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September 8, 2006
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Texas coach Mack Brown sounds more like a boxing promoter than a college football coach as he previews Saturday's showdown with top-ranked Ohio State.
So it's only fitting that one of his players seems ready to enter the ring as he discusses the merits of facing a heavyweight opponent so soon.
"When boxers go out, they try to fight the best boxers there are to show themselves that they're the best," Texas running back Selvin Young said. "We get opportunities like this early, and it's fun."
The players aren't the only ones building up the hype for this matchup (8 p.m., ABC) between the top two teams in both major polls. Even the coaches are doing their best Don King impressions.
"There will be a whole lot of really good football players standing around on the field that have won most of the games in their career and expect to win," Brown said. "If both teams play well, it could end up like last year's game and be one of the best games in the history of college football."
Ohio State coach Jim Tressel echoed those comments.
"It's an experience I expect our guys will remember forever," Tressel said, "and I'm sure it's one I will remember forever."
Pretty strong words.
Then again, Texas and Ohio State sure lived up to the hype last year. That game ranked among the most exciting of the season, as the Longhorns rallied for a 25-22 victory on Vince Young's 24-yard touchdown pass to Limas Sweed with 2:37 remaining.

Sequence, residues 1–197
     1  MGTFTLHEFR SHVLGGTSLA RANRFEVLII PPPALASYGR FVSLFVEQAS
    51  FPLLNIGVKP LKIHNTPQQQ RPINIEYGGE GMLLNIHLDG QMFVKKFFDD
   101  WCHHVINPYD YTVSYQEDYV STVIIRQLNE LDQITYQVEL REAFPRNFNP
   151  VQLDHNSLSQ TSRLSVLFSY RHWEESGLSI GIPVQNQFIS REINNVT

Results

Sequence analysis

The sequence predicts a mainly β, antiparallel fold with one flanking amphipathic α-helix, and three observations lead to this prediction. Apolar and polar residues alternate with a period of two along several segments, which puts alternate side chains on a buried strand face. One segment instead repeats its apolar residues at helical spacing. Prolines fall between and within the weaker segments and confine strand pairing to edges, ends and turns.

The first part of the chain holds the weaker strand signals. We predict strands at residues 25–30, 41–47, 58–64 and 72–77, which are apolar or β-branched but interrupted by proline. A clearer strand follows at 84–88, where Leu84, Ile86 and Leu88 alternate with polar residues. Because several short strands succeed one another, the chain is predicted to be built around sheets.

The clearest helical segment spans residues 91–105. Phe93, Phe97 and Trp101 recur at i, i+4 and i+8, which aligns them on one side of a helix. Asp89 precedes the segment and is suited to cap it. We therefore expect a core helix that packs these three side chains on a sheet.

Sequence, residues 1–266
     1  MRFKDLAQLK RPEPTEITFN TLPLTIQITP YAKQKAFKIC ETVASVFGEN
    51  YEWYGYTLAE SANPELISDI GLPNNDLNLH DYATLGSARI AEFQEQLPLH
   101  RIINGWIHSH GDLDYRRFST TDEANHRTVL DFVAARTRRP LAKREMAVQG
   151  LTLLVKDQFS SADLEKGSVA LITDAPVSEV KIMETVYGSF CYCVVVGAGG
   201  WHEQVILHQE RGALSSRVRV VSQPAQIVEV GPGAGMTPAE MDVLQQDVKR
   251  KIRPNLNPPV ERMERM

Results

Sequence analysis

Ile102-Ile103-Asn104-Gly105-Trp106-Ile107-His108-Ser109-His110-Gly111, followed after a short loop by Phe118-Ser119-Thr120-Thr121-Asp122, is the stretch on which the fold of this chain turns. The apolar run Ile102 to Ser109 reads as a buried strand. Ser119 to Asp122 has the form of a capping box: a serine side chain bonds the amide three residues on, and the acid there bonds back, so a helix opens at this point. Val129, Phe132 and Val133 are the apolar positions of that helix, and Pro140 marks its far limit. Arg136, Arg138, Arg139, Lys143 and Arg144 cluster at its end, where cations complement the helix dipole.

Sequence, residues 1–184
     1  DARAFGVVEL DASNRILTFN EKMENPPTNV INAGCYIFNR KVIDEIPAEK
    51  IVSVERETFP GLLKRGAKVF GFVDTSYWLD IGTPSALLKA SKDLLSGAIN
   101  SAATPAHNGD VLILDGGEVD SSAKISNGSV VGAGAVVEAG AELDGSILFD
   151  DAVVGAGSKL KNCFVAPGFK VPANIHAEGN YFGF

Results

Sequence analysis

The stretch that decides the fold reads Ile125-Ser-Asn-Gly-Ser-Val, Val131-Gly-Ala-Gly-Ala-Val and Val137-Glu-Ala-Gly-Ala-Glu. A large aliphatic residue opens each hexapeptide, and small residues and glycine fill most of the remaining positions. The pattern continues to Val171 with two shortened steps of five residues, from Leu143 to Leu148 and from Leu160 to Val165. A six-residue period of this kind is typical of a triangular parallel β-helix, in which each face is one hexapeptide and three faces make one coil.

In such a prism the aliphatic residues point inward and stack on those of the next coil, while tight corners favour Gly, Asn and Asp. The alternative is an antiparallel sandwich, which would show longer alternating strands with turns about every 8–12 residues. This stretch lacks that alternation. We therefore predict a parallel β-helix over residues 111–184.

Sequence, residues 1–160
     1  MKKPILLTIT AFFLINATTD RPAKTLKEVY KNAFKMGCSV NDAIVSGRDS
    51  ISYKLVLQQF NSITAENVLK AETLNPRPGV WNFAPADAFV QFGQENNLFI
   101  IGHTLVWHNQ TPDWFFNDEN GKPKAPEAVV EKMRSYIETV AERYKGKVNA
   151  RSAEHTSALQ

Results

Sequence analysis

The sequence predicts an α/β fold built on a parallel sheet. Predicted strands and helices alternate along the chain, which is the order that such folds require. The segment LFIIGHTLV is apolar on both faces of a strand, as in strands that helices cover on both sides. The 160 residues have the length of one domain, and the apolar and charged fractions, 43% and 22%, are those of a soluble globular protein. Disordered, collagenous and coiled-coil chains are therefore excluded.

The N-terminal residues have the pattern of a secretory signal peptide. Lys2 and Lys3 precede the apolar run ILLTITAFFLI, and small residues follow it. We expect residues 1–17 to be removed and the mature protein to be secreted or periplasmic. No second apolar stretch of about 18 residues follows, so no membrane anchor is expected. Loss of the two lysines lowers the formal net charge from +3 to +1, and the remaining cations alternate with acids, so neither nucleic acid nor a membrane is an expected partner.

Both teams believe the sequel might outdo the original.
The top-ranked Buckeyes feature an explosive offense that includes two Heisman Trophy candidates ? quarterback Troy Smith and wide receiver/kick returner Ted Ginn Jr. The second-ranked Longhorns are the defending national champions and have won 21 consecutive games.
This also marks the first time the nation's No. 1 and No. 2 teams have faced each other in the regular season since No. 2 Florida State defeated top-ranked Florida 24-21 in 1996.
"I think this is anybody's childhood dream," Texas safety Michael Griffin said. "It's why you come to a place like the University of Texas. Playing big games like this is amazing."
Ohio State could turn that dream into a nightmare.
Although Smith went 5-of-11 for 78 yards and averaged just 2 yards per carry in part-time duty against Texas last year, he has since shown a knack for delivering big-time performances against big-time competition.
Smith closed the 2005 season by going 46-of-65 for a combined 642 yards with three touchdown passes and one touchdown run against Michigan and Notre Dame. Smith directs an offense that has averaged 38 points per game in its last eight outings.
He now faces a Texas secondary that won't have starting cornerback Tarell Brown, who was arrested Monday on misdemeanor drug and weapon charges.
Smith doesn't expect Brown's absence to make much of a difference.
"Texas and a few other schools in the nation have that kind of luxury where they just reload," Smith said. "He's a great player ? don't get me wrong ? but I'm sure the guy behind him (Brandon Foster or Ryan Palmer) is not that far off."
Texas proved it could beat a high-powered offense last year when Young's all-world performance lifted the Longhorns to a 41-38 Rose Bowl victory over Southern California.
Then again, having the nation's best quarterback in your huddle can help a team overcome just about anything.
This year, Ohio State has that luxury.